The Who’s Who of Kakadu

Kakadu national park is home to over 60 different type of indigenous mammal. Depending on what time of year you go will influence what type you may see. Interestingly enough Kakadu is home to eight different species of ‘macropod’. These include grey kangaroos, wallabies and even ‘antilopine wallaroos’! As these examples are the tip of iceberg when it comes to the parks natural wildlife, let’s learn some basic facts about the animals you will encounter on your tour.

The dingo

Believed to have first entered ozzie territories over 5000 years ago, the Dingo can only now be found legally in Australia.

A dingos diet mainly consists of kangaroo, possums, rats and wombats.

It is rumoured Dingo’s do not bark; in fact this is slightly inaccurate. Whereas domesticated dogs have many different barks to communicate, a Dingo has at least 10 individual ‘howls’ to get its point across.

Dingoes are commonly referred to as ‘loners’ but the ones you see normally belong to a pack of 10-12.

Despite their population being huge, the ‘pure’ dingo is declining in number. This is due to them interbreeding with domestic dogs. Surprisingly it is now estimated that over one third of the dingoes found in South Australia are ‘hybrid’.

 Antilopine wallaroo

Scientific name ‘Macropus antilopinu’s.

Mostly found in the Anhem land of Kakadu.

Being one of the largest ‘macropods’, it is only slightly smaller than the chief Red Kangaroo.

Normally seen as a couple, they can actually be part of a group of upto 30!

Interestingly this type of kangaroo is one of the few in its species which displays ‘sexual dimorphism’.

Saltwater crocodile

The largest reptile on earth.

Commonly referred to as a ‘saltie’.

Much more aggressive and territorial than their cousin the freshwater crocodile or ‘freshie’.

Their average lifespan in the wild can reach upto 70 years.

With an average weight of 450kg, they are not easy to just throw over your shoulder and carry around.

Salwater crocs are extremely fast and making darting advances towards prey that can reach 20mph!

They will eat anything meaty (carnivores) and that includes you!

Red tailed black cockatoo

Nesting in cavities, they are normally found in and around eucalyptus trees.

Fully grown adults normally reach a maximum length of 60cm.

Their appearance differs depending on the sex. Both have Mohican type feathers on their head and jet black bodies, however a males tail is layered with two red panels whereas a females colour is more yellow-orange.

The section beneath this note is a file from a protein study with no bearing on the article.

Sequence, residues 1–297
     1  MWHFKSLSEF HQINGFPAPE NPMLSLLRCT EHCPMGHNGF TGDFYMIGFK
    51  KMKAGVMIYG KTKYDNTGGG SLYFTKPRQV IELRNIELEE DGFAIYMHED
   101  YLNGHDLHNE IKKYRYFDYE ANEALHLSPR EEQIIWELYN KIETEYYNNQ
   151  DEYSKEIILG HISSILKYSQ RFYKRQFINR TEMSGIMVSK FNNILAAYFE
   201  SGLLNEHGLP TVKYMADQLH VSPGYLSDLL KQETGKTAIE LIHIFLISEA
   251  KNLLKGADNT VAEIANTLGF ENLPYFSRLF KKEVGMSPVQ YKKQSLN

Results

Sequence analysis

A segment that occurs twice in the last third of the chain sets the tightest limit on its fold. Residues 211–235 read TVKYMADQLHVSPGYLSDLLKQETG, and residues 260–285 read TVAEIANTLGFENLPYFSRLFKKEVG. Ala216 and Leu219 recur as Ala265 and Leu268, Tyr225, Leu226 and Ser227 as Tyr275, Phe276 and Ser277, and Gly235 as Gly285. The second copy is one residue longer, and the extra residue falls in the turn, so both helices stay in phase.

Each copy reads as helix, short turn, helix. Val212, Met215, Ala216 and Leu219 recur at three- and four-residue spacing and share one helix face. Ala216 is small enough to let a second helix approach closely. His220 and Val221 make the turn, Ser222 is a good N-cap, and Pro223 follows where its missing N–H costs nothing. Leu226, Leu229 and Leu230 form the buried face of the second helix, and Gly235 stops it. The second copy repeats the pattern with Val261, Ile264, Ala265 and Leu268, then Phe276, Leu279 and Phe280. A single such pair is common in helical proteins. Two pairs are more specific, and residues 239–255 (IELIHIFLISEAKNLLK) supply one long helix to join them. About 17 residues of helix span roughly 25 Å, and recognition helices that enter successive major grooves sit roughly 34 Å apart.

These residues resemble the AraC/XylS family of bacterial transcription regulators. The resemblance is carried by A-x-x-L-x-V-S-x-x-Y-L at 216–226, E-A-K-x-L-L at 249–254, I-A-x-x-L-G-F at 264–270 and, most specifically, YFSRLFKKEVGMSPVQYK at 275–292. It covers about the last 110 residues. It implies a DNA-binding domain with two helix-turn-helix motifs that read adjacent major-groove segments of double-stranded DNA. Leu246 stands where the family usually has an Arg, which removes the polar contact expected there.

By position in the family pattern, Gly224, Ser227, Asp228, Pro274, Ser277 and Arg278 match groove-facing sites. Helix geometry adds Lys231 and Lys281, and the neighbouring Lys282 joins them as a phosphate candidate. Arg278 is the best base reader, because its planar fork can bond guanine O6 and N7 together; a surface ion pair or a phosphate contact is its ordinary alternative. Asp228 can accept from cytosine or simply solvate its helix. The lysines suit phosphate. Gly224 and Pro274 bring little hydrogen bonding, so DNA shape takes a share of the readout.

Red-tailed black cockatoos are noisy birds that astoundingly can travel in up to flocks of 500!

Living mainly on a diet of Eucalyptus seeds, they are also known to eat nuts berries and small insects.

Although relatively friendly with humans, this is not the case when it comes to digging up peanut plants and severing electrical cable.

Green tree frog

First named the ‘blue frog’ despite its green colour.

Larger than most Australian frogs, the green tree can reach 10cm in length.

Their diet is extremely well adapted to consume most natural food sources. Their main danger when it comes to what they eat is overfeeding themselves and becoming obese.

Very well suited as a pet, the green tree frog is incredibly relaxed around humans. So much so that it is common to find them resting on a windowsill or front step of a home.

Once described as the ‘prefect cartoon caricature’ their appearance compliments their docile nature.

Intriguingly the peptides found in the skin secretion of the frog has been known to destroy HIV without harming other healthy human cells!

Dugong

Resembling a sea cow, whale and ant-eater, it is difficult to find a more bizarre looking creature

Their diet is mainly found on the seabed and consists of sea grass and other algae’s.

Their ability to hold their breath for over 6 minutes makes them excellent underwater swimmers.

As they are extremely shy but not dangerous towards humans, little is known about their common behaviour.

Normally travelling in a pack of two, there have been rare but beautiful occasions in which groups of 100 or more have been spotted swimming together.

Being able to live for more than 70 years, it is surprising that they only give birth to young maybe three or four times during their lifespan.

As you can see, Kakadu has one of the most diverse and interesting animal species in the world. Whether its jaw crunching crocks, screaming cockatoos or oddly looking sea mammals, you are guaranteed to get some priceless shots on your snappers.

Whilst travelling around the park with your guide, their knowledge of these creatures will not just be factual but will incorporate ancient aboriginal tales of magic and communication between human and beast. If the appearance of some of these creatures isn’t enough, then their enchanting history definitely will be.

This article was written by Misty Angel on behalf of Travel Wild, the ozzie experts who will bring you the best and most exciting adventures at Kakadu Tours. Misty Angel is a travel enthusiast who enjoys Kakadu Tours and the great outdoors.

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